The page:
Configuration and customization

The development phase can begin once finishing designing clear requirements. This involves configuring and, as needed, customizing the software to support the redesigned processes.

It may also include integrating the ERP system with any other existing business applications that will not be replaced by the ERP system. If you use an on-premises ERP system, the organization must install the required hardware and software.

It must also start planning data migration, which can be complicated because it frequently involves extracting, transforming, and loading data from multiple systems, each of which may use different formats and may contain duplicate or inconsistent information.

During this phase, the project team should decide which data to migrate, avoiding a blanket migration of all historical data, much of which is likely to be irrelevant. (For more information on data migration, see the section below.)

Comprehensive Testing

Testing and development can take place at the same time. The project team, for example, may test specific modules and features, then develop fixes or adjustments based on the results and retest.

Alternatively, it may test one ERP module while another is still being developed. Initial testing of the software’s basic functions should be accompanied by extensive testing of the system’s full capabilities, including allowing some employees to test the system for all of their day-to-day activities. This phase should also include testing of the migrated data as well as basic end-user training.


Deployment means rolling out the system to get users to start using it for their daily tasks. The ERP team will need to prepare to solve potential problems and be available to answer any questions. Your ERP partner should also be able to help with troubleshooting if necessary.

Some organizations may aim to deploy all ERP system modules concurrently, while others prioritize specific high-priority modules or processes first and add others later in stages. To reduce risk, some organizations run older systems concurrently with the new ERP implementation for a period of time, though this can increase overall project costs and reduce user productivity.

Support and updates

After deployment, nurturing your ERP implementation helps to keep users happy and ensure the business achieves the expected results. During this phase, the project team will still be in charge of the ERP system, but its focus will shift to listening to user feedback and adjusting the system accordingly.

As new features are added to the system, some additional development and configuration may be required. New employees must also be trained on the system.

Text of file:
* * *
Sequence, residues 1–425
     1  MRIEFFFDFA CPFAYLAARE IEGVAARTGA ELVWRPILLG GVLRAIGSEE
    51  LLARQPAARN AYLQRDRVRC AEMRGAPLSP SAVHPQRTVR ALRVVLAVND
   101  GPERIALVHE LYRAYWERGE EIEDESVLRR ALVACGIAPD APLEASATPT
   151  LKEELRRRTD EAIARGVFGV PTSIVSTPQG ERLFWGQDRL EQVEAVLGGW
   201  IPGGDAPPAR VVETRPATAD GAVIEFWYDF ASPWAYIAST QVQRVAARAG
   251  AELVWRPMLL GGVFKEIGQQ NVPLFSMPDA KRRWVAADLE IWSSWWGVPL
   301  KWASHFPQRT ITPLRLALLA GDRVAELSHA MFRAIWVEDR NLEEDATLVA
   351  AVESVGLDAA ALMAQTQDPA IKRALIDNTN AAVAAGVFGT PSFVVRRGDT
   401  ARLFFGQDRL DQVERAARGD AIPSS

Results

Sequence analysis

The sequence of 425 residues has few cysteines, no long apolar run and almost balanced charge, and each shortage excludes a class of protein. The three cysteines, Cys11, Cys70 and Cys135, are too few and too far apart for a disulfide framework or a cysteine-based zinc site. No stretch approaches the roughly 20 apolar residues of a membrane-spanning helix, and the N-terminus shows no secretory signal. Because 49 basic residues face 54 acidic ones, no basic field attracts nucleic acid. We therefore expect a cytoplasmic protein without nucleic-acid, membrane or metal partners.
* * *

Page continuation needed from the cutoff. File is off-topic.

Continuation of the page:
ERP Implementation FAQ

1. What are some ERP implementation approaches?
There are three approaches to implementing an ERP system: big bang, phased, and parallel. Each method has both advantages and disadvantages. As a result, you’ll need to thoroughly understand each type before deciding on the one that best suits your IT setup.

  • The big bang approach: The big bang approach involves deploying ERP software for the entire organization at once. This means that the system will be deployed across business functions on the go-live date—manufacturing, operations, sales, finance, marketing, and so on.
  • The phased approach: This is the approach discussed above. Implementation is planned in stages, with each phase implementing the ERP system for one or more business processes. These phases can be planned by business department, location, manufacturing facility, and other factors.
  • The parallel approach: In the parallel approach, a new ERP system is implemented while legacy systems continue to operate in parallel. This reduces implementation risks because you can fall back on legacy systems if critical errors occur in the new system.

2. What is an ERP implementation failure in a case study and reasons?

If an ERP system is not implemented correctly and effectively, the costs and damages would be enormous; even the suffering company may shut down or be taken over. There are some famous cases of company ERP implementation failures, such as Nestlé USA, Hershey, and Nike.

The Leading Causes of ERP Implementation Failure

  • A lack of top-level leadership
  • Inadequate attention to business requirements
  • Inadequate compatibility between application software and business processes
  • insufficient implementation resources